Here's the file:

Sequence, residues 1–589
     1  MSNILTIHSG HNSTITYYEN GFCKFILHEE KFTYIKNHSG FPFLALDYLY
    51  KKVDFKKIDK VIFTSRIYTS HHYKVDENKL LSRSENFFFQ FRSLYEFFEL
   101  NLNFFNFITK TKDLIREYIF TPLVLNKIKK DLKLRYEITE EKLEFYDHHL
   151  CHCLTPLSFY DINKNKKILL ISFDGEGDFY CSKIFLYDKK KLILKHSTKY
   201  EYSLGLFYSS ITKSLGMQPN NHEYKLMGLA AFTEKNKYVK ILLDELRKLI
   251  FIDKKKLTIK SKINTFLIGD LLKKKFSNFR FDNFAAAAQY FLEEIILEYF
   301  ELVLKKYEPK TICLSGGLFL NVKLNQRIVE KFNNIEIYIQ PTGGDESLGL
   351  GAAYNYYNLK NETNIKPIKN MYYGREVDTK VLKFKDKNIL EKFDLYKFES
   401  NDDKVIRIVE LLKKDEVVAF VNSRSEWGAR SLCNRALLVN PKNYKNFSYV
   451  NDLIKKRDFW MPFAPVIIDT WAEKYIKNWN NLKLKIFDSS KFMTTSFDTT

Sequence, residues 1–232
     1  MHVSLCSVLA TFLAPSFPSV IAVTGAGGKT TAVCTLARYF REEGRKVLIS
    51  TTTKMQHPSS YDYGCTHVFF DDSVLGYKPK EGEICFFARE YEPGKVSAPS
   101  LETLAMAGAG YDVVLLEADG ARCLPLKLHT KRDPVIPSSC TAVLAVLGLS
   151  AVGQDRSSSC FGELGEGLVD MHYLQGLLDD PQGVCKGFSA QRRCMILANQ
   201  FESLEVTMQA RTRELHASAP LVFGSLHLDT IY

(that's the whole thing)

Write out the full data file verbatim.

Sequence, residues 1–589
     1  MSNILTIHSG HNSTITYYEN GFCKFILHEE KFTYIKNHSG FPFLALDYLY
    51  KKVDFKKIDK VIFTSRIYTS HHYKVDENKL LSRSENFFFQ FRSLYEFFEL
   101  NLNFFNFITK TKDLIREYIF TPLVLNKIKK DLKLRYEITE EKLEFYDHHL
   151  CHCLTPLSFY DINKNKKILL ISFDGEGDFY CSKIFLYDKK KLILKHSTKY
   201  EYSLGLFYSS ITKSLGMQPN NHEYKLMGLA AFTEKNKYVK ILLDELRKLI
   251  FIDKKKLTIK SKINTFLIGD LLKKKFSNFR FDNFAAAAQY FLEEIILEYF
   301  ELVLKKYEPK TICLSGGLFL NVKLNQRIVE KFNNIEIYIQ PTGGDESLGL
   351  GAAYNYYNLK NETNIKPIKN MYYGREVDTK VLKFKDKNIL EKFDLYKFES
   401  NDDKVIRIVE LLKKDEVVAF VNSRSEWGAR SLCNRALLVN PKNYKNFSYV
   451  NDLIKKRDFW MPFAPVIIDT WAEKYIKNWN NLKLKIFDSS KFMTTSFDTT

Sequence, residues 1–232
     1  MHVSLCSVLA TFLAPSFPSV IAVTGAGGKT TAVCTLARYF REEGRKVLIS
    51  TTTKMQHPSS YDYGCTHVFF DDSVLGYKPK EGEICFFARE YEPGKVSAPS
   101  LETLAMAGAG YDVVLLEADG ARCLPLKLHT KRDPVIPSSC TAVLAVLGLS
   151  AVGQDRSSSC FGELGEGLVD MHYLQGLLDD PQGVCKGFSA QRRCMILANQ
   201  FESLEVTMQA RTRELHASAP LVFGSLHLDT IY